Retirement is about reinvention. Not reinventing who you are – but reinventing how you live out who you are. Reinventing your identity and aligning it in new ways with your purpose. Retirement is about putting attention on our priorities at this point in our lives. Our priorities change over time. What we were once drawn to may no longer hold the same allure for us.

We think we just need a hobby, something to occupy our time. But here’s the thing -- all the interests and hobbies in the world will not fill the hole that our identity has filled. And when that work identity is taken away and not replaced with something else that is meaningful and rewarding to you now, it leaves a gaping hole. You can fill that hole by redirecting your energy in a new and different way, defining passions and strengths for your 60+ year old self, rather than trying to rekindle interests from your 30 year old self. The challenge is to invest in the hard work of discovering a new way of experiencing meaning and purpose. This often requires you to explore a deeper level of self-awareness, a look at your strengths and passions with a new lens.

For example, if we were once drawn towards building and owning a regional $50MM company, today we may be proud and satisfied with retiring and selling a single location $20MM business. The commitment required to take the business to the next level may not be where we want to put our energy now.

And things that still hold allure may now play out differently. How we are drawn to it may have changed. For example, if we always wanted to run a multi-location entity, we may be inclined to open the locations as a means to offer our adult children or key employees a proving ground and a semi-independent management opportunity.

Reinventing simply means you are shifting your priorities and finding new ways of living out what matters most to you now.

It’s time to invest in yourself.

The Disorientation of Selling Your Business


There is a world of difference between being a successful employee of a large corporation and the successful owner of a business that was started from scratch. If you are one of the latter, you know just how much work you had to put into it, with all those sleepless nights, the long days of work trying to get those first clients interested in your products or services and the uncertainty of the first years of business. These are things that all entrepreneurs remember as they gain more success.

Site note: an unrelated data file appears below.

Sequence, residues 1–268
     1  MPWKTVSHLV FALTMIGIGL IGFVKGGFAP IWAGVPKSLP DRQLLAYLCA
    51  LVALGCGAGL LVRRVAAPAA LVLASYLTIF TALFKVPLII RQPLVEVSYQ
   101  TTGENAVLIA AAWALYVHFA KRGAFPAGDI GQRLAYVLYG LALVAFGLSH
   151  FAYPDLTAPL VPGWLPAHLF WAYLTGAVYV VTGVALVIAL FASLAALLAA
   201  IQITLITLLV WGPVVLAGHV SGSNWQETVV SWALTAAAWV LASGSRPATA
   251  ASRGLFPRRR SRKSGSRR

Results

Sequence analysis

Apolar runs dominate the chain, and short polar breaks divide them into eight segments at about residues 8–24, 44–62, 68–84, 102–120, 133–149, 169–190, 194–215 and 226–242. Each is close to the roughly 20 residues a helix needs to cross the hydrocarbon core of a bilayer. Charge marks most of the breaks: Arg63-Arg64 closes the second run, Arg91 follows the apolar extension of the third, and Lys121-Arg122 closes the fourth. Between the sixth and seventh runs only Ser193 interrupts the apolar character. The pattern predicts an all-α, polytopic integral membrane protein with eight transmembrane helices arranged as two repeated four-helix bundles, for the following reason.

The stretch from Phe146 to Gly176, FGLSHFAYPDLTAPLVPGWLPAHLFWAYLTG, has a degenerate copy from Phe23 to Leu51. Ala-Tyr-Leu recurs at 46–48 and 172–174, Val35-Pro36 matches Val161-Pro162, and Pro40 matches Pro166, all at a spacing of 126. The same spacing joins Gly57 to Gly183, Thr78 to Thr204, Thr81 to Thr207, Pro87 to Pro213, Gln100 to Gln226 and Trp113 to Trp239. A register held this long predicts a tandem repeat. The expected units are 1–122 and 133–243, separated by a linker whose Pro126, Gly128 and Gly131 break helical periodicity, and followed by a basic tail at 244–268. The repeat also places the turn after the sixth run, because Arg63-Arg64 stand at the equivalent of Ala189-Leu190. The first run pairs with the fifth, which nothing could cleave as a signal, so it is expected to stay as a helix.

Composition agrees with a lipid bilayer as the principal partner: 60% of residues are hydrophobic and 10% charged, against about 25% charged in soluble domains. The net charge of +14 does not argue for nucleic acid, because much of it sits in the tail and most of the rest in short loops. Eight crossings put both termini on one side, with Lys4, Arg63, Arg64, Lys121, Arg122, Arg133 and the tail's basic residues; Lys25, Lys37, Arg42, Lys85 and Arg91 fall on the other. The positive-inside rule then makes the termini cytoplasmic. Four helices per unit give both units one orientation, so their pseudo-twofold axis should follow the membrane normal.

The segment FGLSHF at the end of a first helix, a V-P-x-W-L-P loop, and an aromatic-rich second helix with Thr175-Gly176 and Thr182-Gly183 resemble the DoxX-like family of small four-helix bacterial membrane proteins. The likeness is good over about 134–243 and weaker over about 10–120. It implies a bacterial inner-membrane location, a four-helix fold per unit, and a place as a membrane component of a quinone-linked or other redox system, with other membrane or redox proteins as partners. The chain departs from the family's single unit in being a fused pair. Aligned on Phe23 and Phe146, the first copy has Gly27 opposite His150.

Inevitably, there comes a time when they need to find someone who will take over the business. In many cases, their children aren’t interested in the business or aren’t capable of running the business, so their only option is to sell their companies. Some of them decide to maintain an ownership or leadership role -- remaining as Chair of the board, or Chief Operations Officer, but at some point, they recognize that the key to financing the rest of their lives lies in selling the business and collecting enough profit to live the rest of their lives without worry.

This whole decision making process can be a very disorienting experience for owners because their business basically became part of their essence, their identity. At some point it ceased just being a way to make a living. Everything that they have achieved, the things they own and the experiences they’ve had are all linked to this company they built from the ground up. When they decide to sell it, it is like going through a grieving process that is similar to the loss of a loved one. The only difference is that they are relieved of all the hard work and the feeling of always having some responsibility.